Dominions is not ’baby’s first 4X game’ - it will not hold your hand
If you want a general to move, select him with a left click and then send him to the desired province with an another left click. Bizarre? Yes. Will you get used to it? Maybe. Will you still mis-click stuff 55 hours in? Most definitely! Since Dominions 5 isn’t ‘baby’s first 4X game’, it will not hold your hand. You are now free to do anything you can.
What you should do is send the scout to a nearby province – selecting him will show where he can go (most units can’t cross rivers and mountains). Scouting is useful for planning conquest, as it reveals information about enemy forces. You should also set up magical research in the research tab: right-click spell categories to see what spells the next tier of research will give, and right click the spells for their effects. Magic is super-important in the game; don’t neglect it!
Muster The Ranks
Meanwhile, for the general, you should probably hire more soldiers. If the memory serves, “R” is the hotkey for that. The recruitment screen is separated into two parts. The upper one is for leaders and heroes, the lower one is for regular dudes. Crappy scouts are mostly on the left, blessed magical super beings on the right. Each unit costs gold to build (and maintain), while the province’s resources and recruitment points (neither of which can be stacked between turns) cap how much you can recruit. Commanders are also limited by the province’s command point allowance, while holy units are restricted by holy points. You can also click the check mark to continue the build queue indefinitely – useful for cranking out mages for research or producing those rare and expensive holy units in the capital. Anyway: order some regular dudes for your army.
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Next turn, when your units are built, you’ll be able to transfer them the army via the Army Setup tab. There, you can hide researching heroes with “x.” You are then left with units that have other orders – your run-of-the-mill general is most likely on ‘Defend’. Here, you can add units to his army (just select them in the top bar and drop them on already existing squad that the general has – if you drop them on the general, it will create another squad). Be mindful of his command limits! You can’t really make heroes lead more units than they can handle – but giving one general too many squads will incur horrible penalties on morale.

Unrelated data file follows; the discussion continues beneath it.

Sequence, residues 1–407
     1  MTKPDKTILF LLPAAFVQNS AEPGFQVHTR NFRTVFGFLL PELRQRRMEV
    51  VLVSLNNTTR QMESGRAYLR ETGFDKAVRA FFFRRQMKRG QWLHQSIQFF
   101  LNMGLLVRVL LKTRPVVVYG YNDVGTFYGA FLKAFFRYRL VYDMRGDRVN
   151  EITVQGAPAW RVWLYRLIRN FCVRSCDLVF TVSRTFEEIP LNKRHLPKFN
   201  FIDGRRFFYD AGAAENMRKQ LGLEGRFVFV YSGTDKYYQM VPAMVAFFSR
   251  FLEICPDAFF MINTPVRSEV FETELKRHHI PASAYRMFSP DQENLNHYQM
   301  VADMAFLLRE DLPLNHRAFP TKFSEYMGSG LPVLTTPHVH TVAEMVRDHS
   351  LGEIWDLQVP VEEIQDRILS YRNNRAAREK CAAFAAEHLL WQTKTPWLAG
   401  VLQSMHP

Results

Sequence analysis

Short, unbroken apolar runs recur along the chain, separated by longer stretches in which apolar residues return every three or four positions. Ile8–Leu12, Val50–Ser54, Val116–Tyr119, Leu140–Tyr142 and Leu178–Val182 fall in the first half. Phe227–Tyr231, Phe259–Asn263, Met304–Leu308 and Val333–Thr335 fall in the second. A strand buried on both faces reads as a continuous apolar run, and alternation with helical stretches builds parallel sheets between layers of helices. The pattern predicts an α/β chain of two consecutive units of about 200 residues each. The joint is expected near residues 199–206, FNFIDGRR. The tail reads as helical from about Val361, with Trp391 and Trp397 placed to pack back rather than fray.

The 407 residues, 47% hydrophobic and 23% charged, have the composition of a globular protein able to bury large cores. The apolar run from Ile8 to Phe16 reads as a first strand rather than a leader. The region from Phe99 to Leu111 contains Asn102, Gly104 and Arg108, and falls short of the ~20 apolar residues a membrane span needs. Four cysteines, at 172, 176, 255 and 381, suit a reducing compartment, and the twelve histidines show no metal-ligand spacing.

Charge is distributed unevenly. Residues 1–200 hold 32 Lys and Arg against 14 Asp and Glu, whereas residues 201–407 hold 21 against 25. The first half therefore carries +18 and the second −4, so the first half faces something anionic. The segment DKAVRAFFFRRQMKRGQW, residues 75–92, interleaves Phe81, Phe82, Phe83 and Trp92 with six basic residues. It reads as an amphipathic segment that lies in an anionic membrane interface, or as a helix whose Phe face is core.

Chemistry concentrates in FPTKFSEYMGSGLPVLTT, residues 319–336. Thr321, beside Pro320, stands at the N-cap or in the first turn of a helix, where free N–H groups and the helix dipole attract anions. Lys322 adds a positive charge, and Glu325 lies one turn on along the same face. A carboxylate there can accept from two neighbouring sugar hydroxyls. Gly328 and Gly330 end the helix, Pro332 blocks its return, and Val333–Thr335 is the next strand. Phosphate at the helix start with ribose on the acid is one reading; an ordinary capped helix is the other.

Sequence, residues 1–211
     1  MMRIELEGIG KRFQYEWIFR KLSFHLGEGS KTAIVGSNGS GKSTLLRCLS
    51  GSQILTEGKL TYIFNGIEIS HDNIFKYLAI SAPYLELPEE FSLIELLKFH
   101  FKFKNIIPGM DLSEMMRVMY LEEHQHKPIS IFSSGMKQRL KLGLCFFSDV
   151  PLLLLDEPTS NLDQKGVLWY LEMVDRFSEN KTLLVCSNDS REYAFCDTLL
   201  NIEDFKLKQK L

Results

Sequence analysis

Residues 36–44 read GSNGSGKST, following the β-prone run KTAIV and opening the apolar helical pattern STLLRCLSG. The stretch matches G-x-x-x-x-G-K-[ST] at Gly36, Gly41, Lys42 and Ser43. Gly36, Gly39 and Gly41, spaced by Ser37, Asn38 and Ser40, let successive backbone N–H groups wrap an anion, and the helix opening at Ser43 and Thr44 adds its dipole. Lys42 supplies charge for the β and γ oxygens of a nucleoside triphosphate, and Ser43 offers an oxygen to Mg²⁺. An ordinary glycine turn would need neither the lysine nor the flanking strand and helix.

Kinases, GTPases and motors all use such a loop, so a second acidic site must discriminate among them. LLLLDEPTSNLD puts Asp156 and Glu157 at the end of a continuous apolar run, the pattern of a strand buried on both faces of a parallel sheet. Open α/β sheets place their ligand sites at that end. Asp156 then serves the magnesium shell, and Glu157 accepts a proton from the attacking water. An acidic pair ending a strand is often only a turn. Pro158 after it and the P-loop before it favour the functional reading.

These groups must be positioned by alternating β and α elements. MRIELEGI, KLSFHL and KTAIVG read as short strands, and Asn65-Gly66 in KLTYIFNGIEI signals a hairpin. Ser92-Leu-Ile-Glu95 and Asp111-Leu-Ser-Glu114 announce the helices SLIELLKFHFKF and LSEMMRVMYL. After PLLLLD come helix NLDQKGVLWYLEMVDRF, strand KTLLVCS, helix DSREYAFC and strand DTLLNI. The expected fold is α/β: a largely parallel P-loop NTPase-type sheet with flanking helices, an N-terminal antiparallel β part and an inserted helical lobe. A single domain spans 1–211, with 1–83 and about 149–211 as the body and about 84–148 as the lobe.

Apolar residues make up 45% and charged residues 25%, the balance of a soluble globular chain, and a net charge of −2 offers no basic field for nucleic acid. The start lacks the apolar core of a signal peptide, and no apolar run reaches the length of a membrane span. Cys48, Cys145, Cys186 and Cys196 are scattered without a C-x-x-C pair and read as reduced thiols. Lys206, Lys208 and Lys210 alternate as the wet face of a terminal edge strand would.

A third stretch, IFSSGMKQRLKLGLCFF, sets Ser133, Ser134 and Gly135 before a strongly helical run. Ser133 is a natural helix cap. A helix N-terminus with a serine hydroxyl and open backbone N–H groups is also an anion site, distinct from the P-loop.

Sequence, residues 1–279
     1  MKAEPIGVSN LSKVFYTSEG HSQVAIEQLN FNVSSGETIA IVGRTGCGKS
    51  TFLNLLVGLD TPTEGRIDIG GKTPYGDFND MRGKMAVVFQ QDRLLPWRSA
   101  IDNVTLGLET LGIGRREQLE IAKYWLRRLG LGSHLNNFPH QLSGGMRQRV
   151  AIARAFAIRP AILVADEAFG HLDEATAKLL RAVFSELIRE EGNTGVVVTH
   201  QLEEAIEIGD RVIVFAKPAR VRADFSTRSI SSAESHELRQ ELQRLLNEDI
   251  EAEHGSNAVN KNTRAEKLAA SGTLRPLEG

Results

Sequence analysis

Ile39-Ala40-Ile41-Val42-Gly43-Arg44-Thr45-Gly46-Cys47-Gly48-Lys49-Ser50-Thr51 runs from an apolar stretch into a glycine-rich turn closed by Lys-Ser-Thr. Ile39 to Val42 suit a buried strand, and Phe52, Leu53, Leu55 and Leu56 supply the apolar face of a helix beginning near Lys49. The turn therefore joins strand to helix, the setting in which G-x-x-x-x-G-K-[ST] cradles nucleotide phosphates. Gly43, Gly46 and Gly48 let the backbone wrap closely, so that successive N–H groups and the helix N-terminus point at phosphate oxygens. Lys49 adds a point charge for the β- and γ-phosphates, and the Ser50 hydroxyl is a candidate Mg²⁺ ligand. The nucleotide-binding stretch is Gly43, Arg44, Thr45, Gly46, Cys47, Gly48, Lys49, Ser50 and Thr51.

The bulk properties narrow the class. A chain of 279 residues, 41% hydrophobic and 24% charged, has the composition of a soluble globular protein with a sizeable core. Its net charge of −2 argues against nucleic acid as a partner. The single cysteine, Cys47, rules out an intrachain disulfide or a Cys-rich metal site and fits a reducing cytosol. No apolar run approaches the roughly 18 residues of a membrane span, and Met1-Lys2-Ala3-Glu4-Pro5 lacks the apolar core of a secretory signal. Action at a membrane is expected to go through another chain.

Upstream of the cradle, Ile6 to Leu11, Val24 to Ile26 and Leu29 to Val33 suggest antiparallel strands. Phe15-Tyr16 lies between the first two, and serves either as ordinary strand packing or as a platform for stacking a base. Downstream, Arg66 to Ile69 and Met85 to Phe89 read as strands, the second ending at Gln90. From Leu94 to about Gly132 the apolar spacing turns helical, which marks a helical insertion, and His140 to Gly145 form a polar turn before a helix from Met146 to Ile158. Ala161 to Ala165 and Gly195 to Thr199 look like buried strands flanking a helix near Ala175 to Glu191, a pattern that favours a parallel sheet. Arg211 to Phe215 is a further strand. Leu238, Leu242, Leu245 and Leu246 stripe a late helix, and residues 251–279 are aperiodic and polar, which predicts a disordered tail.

Crushing The Heathens
Once you have your units in an army, choose which neighboring province you want to attack. Send your general (if he has an army, there will be swords next to his card on the interface) to attack it: left click the general, then the offending province. You can also hold CTRL and click any other heroes (priests, mages) that you want to accompany him. Follow up with a left click on the desirable province, and all will be well.
To get more control in battle, set up behaviours for your generals and units
You can’t really control the battle, but you can see a replay of it next turn. If you want to actually control things, you can set up behaviours for your generals and units, as well as their formations and places in battle – this is done in the army setup screen. It’s a good idea, for example, to tell your flying units to hold, and then attack rearmost units – this is an easy way to assassinate enemy commanders and wizards.
Once you have conquered a region, you should tell the general to patrol it for a turn – to kill some bandits and bring down unrest. You do this by left-clicking the action written on the character card, bringing up an action menu. If you have a wizard in the province, you can tell him to search for magical sites – those generate gems used in ritual spells (accessed through the same menu in friendly lands that have a laboratory). A priest can preach – though constructing a temple might be more important. It’s done via the same menu by selecting building construction, then temple (one of the three buildings you can build in-game). Construct temples everywhere to keep your dominion strong.
From these humble beginnings, you will be able to eventually trial-and-error your way into playing Dominions 5 at a decent level. You will discover why “N” is one of the most useful hotkeys, the wonders of constructing artefacts and why you should give your front-line casters magical gems. But, for now, throw more meat into the grinder!